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Dove Medical Press

The importance of norepinephrine in depression

Overview of attention for article published in Neuropsychiatric Disease and Treatment, May 2011
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About this Attention Score

  • In the top 5% of all research outputs scored by Altmetric
  • Among the highest-scoring outputs from this source (#27 of 3,132)
  • High Attention Score compared to outputs of the same age (99th percentile)
  • High Attention Score compared to outputs of the same age and source (94th percentile)

Mentioned by

news
21 news outlets
twitter
16 X users
facebook
2 Facebook pages
wikipedia
1 Wikipedia page
googleplus
2 Google+ users
video
10 YouTube creators

Citations

dimensions_citation
270 Dimensions

Readers on

mendeley
713 Mendeley
Title
The importance of norepinephrine in depression
Published in
Neuropsychiatric Disease and Treatment, May 2011
DOI 10.2147/ndt.s19619
Pubmed ID
Authors

Chantal Moret, Mike Briley

Abstract

Depression is one of the most common psychological diseases with significant potential morbidity and mortality. Although the underlying pathophysiology of depression has not been clearly defined, preclinical and clinical evidence suggest disturbances in serotonin (5-HT), norepinephrine (NE), and dopamine (DA) neurotransmission in the central nervous system. Virtually all currently available antidepressants act on one or more of the following mechanisms: inhibition of reuptake of 5-HT or NE (and DA), antagonism of inhibitory presynaptic 5-HT or NE receptors, or inhibition of monoamine oxidase. All of these mechanisms result in an enhanced neurotransmission of 5-HT and/or NE. Evidence for the involvement of NE in depression is abundant, and recent studies on neuronal pathways and symptoms highlight the specific role of NE in this disorder. NE plays a determinant role in executive functioning regulating cognition, motivation, and intellect, which are fundamental in social relationships. Social dysfunction is possibly one of the most important factors affecting the quality of life in depressed patients.

X Demographics

X Demographics

The data shown below were collected from the profiles of 16 X users who shared this research output. Click here to find out more about how the information was compiled.
Mendeley readers

Mendeley readers

The data shown below were compiled from readership statistics for 713 Mendeley readers of this research output. Click here to see the associated Mendeley record.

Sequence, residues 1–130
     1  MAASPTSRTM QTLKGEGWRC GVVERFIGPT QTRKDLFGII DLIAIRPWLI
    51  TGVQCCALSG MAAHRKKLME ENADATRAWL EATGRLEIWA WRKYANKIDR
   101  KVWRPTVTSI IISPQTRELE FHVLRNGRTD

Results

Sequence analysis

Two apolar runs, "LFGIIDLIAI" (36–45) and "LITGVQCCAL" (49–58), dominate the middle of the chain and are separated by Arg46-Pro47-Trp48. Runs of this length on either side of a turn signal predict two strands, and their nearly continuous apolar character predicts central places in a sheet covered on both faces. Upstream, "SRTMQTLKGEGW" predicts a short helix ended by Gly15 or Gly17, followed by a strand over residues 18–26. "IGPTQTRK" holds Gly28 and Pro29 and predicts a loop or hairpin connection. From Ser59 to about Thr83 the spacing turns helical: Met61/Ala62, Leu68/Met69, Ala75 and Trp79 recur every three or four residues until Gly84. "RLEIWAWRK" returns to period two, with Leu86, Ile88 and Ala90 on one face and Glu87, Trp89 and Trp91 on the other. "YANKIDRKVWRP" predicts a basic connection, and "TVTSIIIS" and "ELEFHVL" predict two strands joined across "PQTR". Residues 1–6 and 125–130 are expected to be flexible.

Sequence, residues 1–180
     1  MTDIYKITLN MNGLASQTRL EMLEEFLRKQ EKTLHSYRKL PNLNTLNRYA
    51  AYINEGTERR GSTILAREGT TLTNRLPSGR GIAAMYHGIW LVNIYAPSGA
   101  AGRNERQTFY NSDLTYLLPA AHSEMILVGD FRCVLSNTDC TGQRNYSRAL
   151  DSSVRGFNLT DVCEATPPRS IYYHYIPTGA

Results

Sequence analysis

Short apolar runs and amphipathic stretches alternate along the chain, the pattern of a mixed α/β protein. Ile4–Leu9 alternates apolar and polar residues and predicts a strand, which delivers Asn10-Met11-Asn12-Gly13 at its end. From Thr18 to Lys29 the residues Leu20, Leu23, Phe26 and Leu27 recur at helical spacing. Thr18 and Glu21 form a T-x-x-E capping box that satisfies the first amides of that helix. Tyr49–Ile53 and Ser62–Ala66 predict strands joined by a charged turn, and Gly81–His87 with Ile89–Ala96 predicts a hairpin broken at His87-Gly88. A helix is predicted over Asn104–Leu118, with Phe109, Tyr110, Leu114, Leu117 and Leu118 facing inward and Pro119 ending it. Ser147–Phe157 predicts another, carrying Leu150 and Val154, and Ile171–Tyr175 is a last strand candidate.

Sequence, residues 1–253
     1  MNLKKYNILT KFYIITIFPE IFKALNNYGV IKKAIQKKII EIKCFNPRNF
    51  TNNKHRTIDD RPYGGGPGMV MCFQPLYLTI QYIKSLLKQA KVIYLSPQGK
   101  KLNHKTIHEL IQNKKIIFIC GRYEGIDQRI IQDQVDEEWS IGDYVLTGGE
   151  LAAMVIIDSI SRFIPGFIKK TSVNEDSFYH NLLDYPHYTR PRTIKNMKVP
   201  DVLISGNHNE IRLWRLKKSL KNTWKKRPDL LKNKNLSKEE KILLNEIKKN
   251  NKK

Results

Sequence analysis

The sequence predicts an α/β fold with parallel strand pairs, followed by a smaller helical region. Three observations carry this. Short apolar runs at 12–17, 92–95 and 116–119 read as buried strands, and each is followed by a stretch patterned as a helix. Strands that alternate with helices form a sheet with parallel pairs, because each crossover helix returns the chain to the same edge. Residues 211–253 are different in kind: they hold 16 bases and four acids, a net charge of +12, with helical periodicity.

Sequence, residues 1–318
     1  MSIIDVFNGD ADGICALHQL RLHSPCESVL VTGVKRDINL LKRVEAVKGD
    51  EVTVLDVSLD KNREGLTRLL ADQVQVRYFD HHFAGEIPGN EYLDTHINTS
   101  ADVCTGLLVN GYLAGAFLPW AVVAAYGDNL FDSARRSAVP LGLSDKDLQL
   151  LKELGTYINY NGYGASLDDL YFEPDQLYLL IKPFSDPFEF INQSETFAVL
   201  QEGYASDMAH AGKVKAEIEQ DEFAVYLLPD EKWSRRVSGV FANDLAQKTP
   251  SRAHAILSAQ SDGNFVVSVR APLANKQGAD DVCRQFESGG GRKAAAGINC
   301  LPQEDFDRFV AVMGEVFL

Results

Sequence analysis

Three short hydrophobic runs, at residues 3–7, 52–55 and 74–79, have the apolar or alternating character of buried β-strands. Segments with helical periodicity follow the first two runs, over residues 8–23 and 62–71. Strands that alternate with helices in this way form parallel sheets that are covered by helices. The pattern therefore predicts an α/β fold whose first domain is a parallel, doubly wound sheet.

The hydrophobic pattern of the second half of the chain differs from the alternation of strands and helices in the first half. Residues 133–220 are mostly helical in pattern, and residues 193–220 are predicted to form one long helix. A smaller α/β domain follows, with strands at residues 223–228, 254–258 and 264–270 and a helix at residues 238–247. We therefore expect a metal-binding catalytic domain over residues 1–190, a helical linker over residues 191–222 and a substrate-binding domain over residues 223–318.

Geographical breakdown

Country Count As %
United Kingdom 3 <1%
Mexico 1 <1%
United States 1 <1%
Unknown 708 99%

Demographic breakdown

Readers by professional status Count As %
Student > Bachelor 190 27%
Student > Master 88 12%
Student > Ph. D. Student 77 11%
Researcher 48 7%
Student > Doctoral Student 29 4%
Other 94 13%
Unknown 187 26%
Readers by discipline Count As %
Medicine and Dentistry 93 13%
Neuroscience 76 11%
Biochemistry, Genetics and Molecular Biology 74 10%
Psychology 70 10%
Agricultural and Biological Sciences 51 7%
Other 140 20%
Unknown 209 29%
Attention Score in Context

Attention Score in Context

This research output has an Altmetric Attention Score of 180. This is our high-level measure of the quality and quantity of online attention that it has received. This Attention Score, as well as the ranking and number of research outputs shown below, was calculated when the research output was last mentioned on 14 February 2024.
All research outputs
#223,142
of 25,374,917 outputs
Outputs from Neuropsychiatric Disease and Treatment
#27
of 3,132 outputs
Outputs of similar age
#700
of 121,545 outputs
Outputs of similar age from Neuropsychiatric Disease and Treatment
#1
of 18 outputs
Altmetric has tracked 25,374,917 research outputs across all sources so far. Compared to these this one has done particularly well and is in the 99th percentile: it's in the top 5% of all research outputs ever tracked by Altmetric.
So far Altmetric has tracked 3,132 research outputs from this source. They typically receive a lot more attention than average, with a mean Attention Score of 10.6. This one has done particularly well, scoring higher than 99% of its peers.
Older research outputs will score higher simply because they've had more time to accumulate mentions. To account for age we can compare this Altmetric Attention Score to the 121,545 tracked outputs that were published within six weeks on either side of this one in any source. This one has done particularly well, scoring higher than 99% of its contemporaries.
We're also able to compare this research output to 18 others from the same source and published within six weeks on either side of this one. This one has done particularly well, scoring higher than 94% of its contemporaries.